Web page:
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When she looked up at her father, her eyes screamed in pain as they darted towards the body abandoned in the corner. A body used to his abuse, taunts, slapping, kicking. Had it given up? Or would it rise again, to justify and bear more humiliation?
2019 is the year in which our beloved writing contest, Muse of the Month gets bigger and better (find out how here) and also takes the cue from the words of women who inspire with their poetry. The writing cue for January 2019 is these lines from the inspiring African-American writer Maya Angelou, taken from her poem, Phenomenal Woman.
“Now you understand
Just why my head’s not bowed”
The second winner of our January 2019 Muse of the Month contest is Janani Balaji (Grade 8, Age 13)
Rachel dropped to one knee, but she was still fighting. She had lost her advantage, sure, but that didn’t mean she had lost everything else along with it. One thing was for sure, no amount of punches could ever be traded for her pride.
Blood streamed down her face from a large wound on her forehead, but she simply wiped it away as if it were simply copious quantities of sweat she’d accumulated from running long distances. She blinked away any that had gotten in her eyes.
The man continued to throw sloppy punches at the young girl. Though the alcohol ruined his aim, it only served to fuel his fury. But Rachel would not fall, not here, not now. She couldn’t leave until she had proven herself stronger than him. She couldn’t lose everything again.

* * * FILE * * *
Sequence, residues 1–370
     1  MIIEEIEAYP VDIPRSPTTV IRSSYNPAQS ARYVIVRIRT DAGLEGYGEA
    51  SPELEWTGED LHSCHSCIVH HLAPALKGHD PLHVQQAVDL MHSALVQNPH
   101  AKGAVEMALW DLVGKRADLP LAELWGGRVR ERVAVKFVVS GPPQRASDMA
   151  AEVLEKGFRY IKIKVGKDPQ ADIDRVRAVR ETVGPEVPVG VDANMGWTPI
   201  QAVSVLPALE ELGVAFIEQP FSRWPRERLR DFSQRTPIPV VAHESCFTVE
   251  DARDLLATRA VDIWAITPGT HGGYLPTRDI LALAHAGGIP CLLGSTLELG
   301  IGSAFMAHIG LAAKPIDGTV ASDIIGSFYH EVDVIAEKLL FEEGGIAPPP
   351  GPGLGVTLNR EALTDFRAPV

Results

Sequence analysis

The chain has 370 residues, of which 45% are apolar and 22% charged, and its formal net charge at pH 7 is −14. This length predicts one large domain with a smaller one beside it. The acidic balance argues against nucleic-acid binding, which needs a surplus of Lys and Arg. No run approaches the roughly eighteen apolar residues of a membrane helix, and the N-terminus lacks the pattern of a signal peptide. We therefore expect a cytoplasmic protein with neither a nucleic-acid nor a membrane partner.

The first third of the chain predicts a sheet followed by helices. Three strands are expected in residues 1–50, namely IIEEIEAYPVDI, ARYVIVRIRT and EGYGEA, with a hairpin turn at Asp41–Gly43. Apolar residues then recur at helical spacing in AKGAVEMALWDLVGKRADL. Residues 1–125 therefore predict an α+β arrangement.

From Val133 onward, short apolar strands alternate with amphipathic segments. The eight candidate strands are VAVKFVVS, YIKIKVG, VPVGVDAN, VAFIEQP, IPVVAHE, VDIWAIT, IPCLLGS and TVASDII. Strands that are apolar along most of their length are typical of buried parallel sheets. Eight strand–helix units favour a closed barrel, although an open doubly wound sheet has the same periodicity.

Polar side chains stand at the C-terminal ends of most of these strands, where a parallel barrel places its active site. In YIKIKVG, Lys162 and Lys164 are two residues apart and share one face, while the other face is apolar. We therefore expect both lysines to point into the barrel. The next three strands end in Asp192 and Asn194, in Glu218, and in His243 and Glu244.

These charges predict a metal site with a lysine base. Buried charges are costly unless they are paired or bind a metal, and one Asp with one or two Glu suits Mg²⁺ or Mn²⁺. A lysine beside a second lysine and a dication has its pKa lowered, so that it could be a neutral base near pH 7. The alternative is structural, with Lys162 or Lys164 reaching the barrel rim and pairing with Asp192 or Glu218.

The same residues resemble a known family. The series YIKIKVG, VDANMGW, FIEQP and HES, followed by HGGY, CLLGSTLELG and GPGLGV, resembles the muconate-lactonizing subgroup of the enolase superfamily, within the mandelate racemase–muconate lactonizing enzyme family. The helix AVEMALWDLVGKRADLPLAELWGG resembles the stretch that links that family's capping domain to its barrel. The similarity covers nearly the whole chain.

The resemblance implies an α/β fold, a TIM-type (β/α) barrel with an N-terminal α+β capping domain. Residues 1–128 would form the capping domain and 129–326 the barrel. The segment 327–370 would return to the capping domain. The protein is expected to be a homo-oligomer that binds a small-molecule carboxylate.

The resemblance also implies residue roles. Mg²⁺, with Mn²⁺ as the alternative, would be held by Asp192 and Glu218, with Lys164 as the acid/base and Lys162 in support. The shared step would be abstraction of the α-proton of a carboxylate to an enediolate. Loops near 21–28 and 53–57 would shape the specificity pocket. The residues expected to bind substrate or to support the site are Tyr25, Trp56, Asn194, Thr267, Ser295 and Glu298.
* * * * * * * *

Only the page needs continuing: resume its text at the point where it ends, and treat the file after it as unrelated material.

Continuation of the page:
When she looked up at her father, her eyes screamed in pain as they darted towards the body abandoned in the corner. A body used to his abuse, taunts, slapping, kicking. Had it given up? Or would it rise again, to justify and bear more humiliation? She stared at the man above her, his breath reeked of alcohol and his clothes were stained with blood. She didn’t know this man anymore.
With Herculean effort, she pushed herself up. Shakily standing on both feet, she managed to stand as tall as she possibly could. This was not the man she’d loved, this was not the man who took her for ice-cream when she passed a test, this man was not her father. He was a stranger in this house, a person who’d hurt her, the ones she loved. He deserved no sympathy.
She launched herself forward. The man sidestepped, easily, just as she’d predicted. He left the area open, just as she’d predicted. She threw herself out the window and into the waiting clump of bushes below. She landed up with multiple cuts to add to the bruises littering her face, but that was immaterial as she rang up the nearest police on her cracked phone. She thanked her stars and protective phone covers that it had made it out and she didn’t have to run all the way to the station herself.
It wasn’t what she wanted to do, but it was what she needed to. She let her tears fall as she hid in the park near her house. The police knew now. They would end this.
She couldn’t believe it. She had done it. Stepped out, stood up and made that call…all thanks to Leela, a 16 year old acid attack survivor she had met just a month ago. She was a waitress at a café. “There is no need to smile through the pain. You just need to walk away. You decide it is enough, you will find the strength”, she had shared. The glow in her eyes radiated a warmth Rachel longed to exude. Years of taunts and abuse had made her numb to pain and emotion. She was a rock, she didn’t care anymore, Rachel had thought. The tears and hugs that she had shared with Leela that day, made her realize, she was alive; she needed to live.
Suddenly, she felt the hairs at the back of her neck prickle, and turned to face…well, him. He had come for her.She wasn’t particularly happy with this new development, but now she was better rested and knew that there was someone coming to back her up. She was stronger, she was better. She could face him this time.